All this warm wonderful weather has meant that I've been running my beloved trails often--soaking up the beautiful scenery of woods and prairie, the sunshine, the brilliant skies, like I'm storing it up for the many long months I'll be snowed out of my countryside trails. (A friend of mine, an avowed road runner who has just recently discovered the joys of the nature preserve where I run, said to me the other day, "I can totally understand why you get depressed every winter! Not only do you no longer have the pool to go to every day, but you can't run on those trails anymore!" Um, yes.)
Ah, but it's autumn. So it's time for this!
cutest candy dish ever
Do you remember how I fell on that trail run a few weeks back? (Side note: I still have bruises! It's been four weeks!) Well, when I resumed running after several days of recovery, I was understandably rather nervous. I kept thinking I was going to trip and fall again--especially as the leaves started to fall and the trails became more covered in debris that can hide the many rocks and roots. So I started running with little baby steps rather than my usual longer stride. I was too scared to do anything but slowly and delicately pick my way down the trail, so I took tiny short steps on purpose.
But a funny thing happened. From the first time I did this, my hip/glute/IT injury calmed right down. I had my first pain-free run in weeks. And ever since, as I've purposely continued to run with a short little stride--slow, yes, but who cares?!--I've been injury-free. What the...? As this has occurred, I have realized that if taking a hard fall on a rocky trail led to the resolution of my hip problem, I am glad I fell. Crazy, right? But true.
As I mused on this strangeness over the past few weeks, it reminded me of something else. Last May, when Genevieve graduated from kindergarten--which meant the end of my time with ANY children home with me during most of the day--I was devastated. I mean, I was proud of and excited for her, but I was SO SAD, too. For the two remaining days of school after her graduation and before summer began (after which I had numerous other distractions, most notably BOTH children at home with me all day, every day!), I cried. A lot. My heart was broken. I even ran with tears in my eyes.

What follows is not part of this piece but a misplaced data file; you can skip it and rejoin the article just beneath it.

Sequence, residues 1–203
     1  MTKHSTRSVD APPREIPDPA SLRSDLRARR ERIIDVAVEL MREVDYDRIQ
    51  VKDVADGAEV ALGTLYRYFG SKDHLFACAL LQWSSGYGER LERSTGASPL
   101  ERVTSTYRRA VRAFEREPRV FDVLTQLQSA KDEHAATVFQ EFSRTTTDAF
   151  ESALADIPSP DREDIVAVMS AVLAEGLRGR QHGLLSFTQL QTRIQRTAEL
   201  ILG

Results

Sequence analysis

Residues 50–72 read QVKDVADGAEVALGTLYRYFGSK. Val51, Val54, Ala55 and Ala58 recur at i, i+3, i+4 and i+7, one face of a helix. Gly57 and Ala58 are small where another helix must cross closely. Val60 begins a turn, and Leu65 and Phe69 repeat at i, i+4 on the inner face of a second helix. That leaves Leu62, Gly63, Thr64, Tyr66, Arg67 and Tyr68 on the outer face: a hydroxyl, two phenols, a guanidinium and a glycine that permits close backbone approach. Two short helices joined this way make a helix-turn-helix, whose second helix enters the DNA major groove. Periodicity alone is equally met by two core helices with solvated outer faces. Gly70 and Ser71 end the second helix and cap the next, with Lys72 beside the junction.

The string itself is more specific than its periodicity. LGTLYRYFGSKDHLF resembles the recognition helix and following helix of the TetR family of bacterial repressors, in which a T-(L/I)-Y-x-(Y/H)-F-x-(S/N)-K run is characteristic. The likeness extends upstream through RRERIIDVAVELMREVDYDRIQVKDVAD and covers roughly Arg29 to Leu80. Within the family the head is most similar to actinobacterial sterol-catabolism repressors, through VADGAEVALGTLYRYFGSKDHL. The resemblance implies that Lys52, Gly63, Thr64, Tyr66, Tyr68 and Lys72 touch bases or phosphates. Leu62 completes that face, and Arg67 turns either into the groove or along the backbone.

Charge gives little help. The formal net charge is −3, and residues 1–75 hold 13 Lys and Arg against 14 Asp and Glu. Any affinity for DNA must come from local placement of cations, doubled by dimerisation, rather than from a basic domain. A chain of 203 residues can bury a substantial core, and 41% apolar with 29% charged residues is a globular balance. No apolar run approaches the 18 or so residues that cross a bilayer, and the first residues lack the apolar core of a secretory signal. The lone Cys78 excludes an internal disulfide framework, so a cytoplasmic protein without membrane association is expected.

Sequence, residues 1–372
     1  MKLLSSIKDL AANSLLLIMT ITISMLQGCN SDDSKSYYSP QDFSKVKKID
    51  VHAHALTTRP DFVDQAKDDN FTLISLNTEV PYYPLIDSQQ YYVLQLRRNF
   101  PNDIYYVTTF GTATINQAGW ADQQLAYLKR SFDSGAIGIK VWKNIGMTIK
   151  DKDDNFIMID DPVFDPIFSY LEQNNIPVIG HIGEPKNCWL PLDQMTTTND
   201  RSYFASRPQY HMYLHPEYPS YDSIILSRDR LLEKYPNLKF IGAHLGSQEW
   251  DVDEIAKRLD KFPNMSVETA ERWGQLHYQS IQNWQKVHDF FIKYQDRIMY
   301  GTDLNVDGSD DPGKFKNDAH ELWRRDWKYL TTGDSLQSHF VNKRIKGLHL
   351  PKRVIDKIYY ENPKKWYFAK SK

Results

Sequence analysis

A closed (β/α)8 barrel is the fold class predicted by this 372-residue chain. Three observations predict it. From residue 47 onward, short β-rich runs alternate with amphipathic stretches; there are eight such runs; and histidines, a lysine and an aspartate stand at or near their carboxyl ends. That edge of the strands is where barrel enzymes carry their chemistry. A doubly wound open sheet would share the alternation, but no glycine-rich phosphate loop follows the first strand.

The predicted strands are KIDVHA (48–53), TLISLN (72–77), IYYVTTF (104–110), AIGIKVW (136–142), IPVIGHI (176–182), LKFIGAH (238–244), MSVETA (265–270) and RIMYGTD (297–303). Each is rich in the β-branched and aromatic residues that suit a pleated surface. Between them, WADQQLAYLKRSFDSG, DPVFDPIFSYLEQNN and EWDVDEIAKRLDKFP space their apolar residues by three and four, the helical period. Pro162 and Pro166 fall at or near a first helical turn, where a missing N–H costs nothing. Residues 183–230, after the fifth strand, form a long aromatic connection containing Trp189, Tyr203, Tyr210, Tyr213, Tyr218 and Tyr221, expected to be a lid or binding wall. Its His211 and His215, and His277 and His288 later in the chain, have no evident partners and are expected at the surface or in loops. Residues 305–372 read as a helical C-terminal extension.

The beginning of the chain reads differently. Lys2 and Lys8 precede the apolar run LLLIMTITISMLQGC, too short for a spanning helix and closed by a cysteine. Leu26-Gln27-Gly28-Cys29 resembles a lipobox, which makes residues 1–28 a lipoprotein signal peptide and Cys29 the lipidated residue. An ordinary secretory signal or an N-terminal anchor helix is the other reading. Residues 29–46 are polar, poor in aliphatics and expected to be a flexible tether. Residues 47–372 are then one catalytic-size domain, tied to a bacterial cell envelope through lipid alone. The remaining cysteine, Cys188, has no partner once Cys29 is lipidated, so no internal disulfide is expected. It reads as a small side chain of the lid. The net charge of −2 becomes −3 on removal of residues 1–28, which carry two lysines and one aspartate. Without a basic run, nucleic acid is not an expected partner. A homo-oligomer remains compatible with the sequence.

But now, a month into school, I'm realizing that stay-at-home motherhood to two children in school may be the best period of life I've ever had. I seriously love it. And it makes perfect sense: my two favorite activities besides mothering are cooking/baking and running. And now I have TIME TO DO BOTH during the day, in between the early-morning and late-afternoon/evening parenting duties (and when I'm not doing everything else, of course). Plus, my kids LOVE that I don't have to run in the evenings anymore. I'm home every night, and their favorite thing is to join me on "the big bed" in my bedroom every evening between bath and bed, where we all pile up together with pillows and blankets and read. They adore this ritual, and so do I.
You might think all that suffering I did last spring was unnecessary and for naught. I've considered that at times. It certainly seems ironic that the very thing my heart ached over is allowing me to hit my stay-at-home mom stride so nicely. But honestly, I believe that pain--like the physical pain of crashing to the ground on a rocky trail--was necessary to get to where I am now: ready for, accepting of, and thrilled with the very existence I thought would be sad and lonely. Just like my fall on the trail led to the resolution of my hip problems.
Believe me, no one is more surprised than I. But sometimes life has a funny way of working out PERFECTLY, like that.